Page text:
J’odie’s beautiful African Woman
The last time I mentioned J’odie (Joy Ese Odiete) was when I wrote about the success stories from Idols West Africa. At the time, her single ‘Kuchi Kuchi’ was ruling the airwaves. So when I came across her CD and first album titled African Woman, my ‘customer’ didn’t even need to convince me to buy it. I’ve only listened to it a couple of times and it’s a keeper.
I was struck by how thoughtful the 10-track album is. Thoughtful in this sense means the lyrics have real meaning; the words are well put together and of course sound pleasing to the ear. There aren’t any of those commercial and now generic nonsense where musicians just say the first thing that occurs to them about the opposite sex, love and relationships. Whole human beings are reduced to mere parts. Not necessarily the subject matter but the treatment and the depth of thought behind the songs. No, I’m not saying songs should be so deep as to become dense and pretentious.
The title of the album, African Woman is taken from Track 7 with a techno and upbeat tempo. It would make a good signature tune anywhere in the world. It has a certain standard and international feel. You’ll hear a soft rock sound and bits of South Africa’s Freshly Ground especially on Tracks 2, 3-My Own Story, Right Now. The album also contains old favourites ‘Kuchi Kuchi’ (although it’s placed all the way as the 10th and last song); and Under The Mango Tree. But I worry that not enough is being done to promote J’odie’s album. Why should the bad music get all the good publicity?
African Woman is very good effort and it’s worth your listen.
Grand Square’s No Change Policy
The point must first be made that this is a widespread practice. Of stores/supermarkets and others wilfully confiscating their clients’ change. It only makes sense to use Grand Square as ‘contact point’ for the other stores, some quite nameless who think giving change is a favour, because Grand Square just as its name suggests is a bigger brand. Moreover, in terms of scale, it would appear as if Grand Square Abuja has elevated this practice to a grand policy.
It isn’t just the lack of change but the whole attitude that accompanies the transaction. Quite often, the customer is handed her receipt and told offhandedly: ‘I don’t have N40, N60, etc’. It would now be left to for you to decide whether you have time to waste waiting for a mere N40. Actually, no one expects ‘a whole you’ to wait or be inconvenienced ‘just because’ of N40. In fact someone may tell you: ‘You’re more than that now!’ and except you’re thick skinned or a crank, you’ll then remember that you’re more than N40. Meanwhile, the store too is more than that meagre N40. But God forbid that you be the one to wonder why a store would still take your money when it doesn’t give discounts, no Christmas bonuses, nothing.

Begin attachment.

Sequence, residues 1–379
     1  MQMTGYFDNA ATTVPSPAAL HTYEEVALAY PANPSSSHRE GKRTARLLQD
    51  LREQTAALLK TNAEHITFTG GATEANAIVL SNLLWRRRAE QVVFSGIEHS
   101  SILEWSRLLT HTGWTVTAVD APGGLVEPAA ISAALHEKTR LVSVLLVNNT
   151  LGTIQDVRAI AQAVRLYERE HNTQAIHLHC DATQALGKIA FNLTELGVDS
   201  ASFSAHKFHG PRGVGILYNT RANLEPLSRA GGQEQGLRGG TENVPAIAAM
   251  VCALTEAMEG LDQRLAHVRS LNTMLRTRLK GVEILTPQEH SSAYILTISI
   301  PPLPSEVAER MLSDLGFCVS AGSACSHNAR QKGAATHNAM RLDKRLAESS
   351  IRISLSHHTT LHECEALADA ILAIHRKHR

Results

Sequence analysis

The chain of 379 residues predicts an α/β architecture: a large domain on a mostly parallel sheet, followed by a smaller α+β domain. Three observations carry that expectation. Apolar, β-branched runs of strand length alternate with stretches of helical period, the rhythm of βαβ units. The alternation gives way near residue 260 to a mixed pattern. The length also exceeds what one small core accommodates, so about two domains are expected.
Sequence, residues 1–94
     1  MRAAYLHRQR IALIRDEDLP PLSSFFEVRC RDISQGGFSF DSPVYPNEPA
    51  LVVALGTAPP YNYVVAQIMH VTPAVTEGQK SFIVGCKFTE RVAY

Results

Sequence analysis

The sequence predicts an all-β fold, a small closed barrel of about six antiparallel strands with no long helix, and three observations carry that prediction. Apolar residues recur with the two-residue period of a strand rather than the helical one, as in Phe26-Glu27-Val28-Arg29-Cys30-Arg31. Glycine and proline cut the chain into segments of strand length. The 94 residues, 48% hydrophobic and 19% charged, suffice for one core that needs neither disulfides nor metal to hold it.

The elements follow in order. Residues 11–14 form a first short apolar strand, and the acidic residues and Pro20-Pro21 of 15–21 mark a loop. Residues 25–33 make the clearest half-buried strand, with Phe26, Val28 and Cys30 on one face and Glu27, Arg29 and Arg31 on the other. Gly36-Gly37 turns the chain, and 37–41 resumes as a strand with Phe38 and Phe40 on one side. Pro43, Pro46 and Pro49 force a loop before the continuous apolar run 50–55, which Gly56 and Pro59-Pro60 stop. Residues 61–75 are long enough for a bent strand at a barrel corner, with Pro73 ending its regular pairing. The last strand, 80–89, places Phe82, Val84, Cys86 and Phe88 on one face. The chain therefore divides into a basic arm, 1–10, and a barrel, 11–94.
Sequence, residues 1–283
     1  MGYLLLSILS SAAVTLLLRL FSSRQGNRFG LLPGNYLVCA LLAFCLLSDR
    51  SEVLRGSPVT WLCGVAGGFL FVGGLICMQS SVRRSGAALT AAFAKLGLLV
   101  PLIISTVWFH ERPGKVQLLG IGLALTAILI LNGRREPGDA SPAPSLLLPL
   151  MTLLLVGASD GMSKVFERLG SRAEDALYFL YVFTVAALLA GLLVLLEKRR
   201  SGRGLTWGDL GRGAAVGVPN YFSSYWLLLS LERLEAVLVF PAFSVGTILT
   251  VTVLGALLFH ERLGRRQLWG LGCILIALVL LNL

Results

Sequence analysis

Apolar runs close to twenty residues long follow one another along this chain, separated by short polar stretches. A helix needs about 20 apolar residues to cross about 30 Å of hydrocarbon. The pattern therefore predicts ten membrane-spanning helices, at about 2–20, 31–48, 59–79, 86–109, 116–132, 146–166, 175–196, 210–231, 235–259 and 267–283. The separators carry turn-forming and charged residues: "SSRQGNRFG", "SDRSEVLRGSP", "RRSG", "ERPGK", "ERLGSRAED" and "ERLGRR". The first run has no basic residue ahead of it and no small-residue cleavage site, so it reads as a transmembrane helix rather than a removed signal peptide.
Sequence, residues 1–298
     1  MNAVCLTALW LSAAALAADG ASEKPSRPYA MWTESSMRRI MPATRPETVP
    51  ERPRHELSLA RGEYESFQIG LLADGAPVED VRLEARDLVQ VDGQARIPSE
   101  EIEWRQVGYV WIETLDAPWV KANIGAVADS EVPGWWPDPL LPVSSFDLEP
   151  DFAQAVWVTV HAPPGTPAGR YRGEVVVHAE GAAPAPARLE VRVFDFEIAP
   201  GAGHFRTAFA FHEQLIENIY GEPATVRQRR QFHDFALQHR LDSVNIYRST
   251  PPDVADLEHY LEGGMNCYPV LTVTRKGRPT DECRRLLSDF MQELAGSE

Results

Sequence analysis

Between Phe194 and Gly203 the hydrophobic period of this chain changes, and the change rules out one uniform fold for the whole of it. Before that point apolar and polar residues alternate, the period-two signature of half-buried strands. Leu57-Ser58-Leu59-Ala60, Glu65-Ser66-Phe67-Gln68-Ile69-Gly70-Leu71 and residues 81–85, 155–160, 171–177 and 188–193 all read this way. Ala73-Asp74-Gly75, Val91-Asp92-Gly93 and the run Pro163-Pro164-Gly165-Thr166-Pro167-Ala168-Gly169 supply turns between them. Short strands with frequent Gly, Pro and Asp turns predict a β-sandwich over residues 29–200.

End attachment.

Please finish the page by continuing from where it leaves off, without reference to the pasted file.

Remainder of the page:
At other times, apparently under some pretext that the customer is being helped out, you’re asked if you have N80 or some other amount. In this case you have to be very good in Maths. Or at least a good Naira-mathematician which I’d thought I was until after one such transaction, I returned to my car and realised I’d been short-changed by almost N200, all because…
Sometimes, you’re not given any explanation at all probably because the sales person would’ve surmised that the amount involved is too small to bother you with any explanation. What they forget is that even a measly N5 multiplied by the thousands would amount to a sizeable amount which goes into the company’s purse. In any case, N1 or N5, it’s the customer/buyer’s money and her prerogative to do with what she pleases.
By the way, I’m sure there’s a business idea somewhere for people to supply stores with change. Because I have never been told anywhere else in the world, even in places they use real change (pennies, cents and all), that there was no change or that I should somehow get involved in the process of helping to sort out my own change.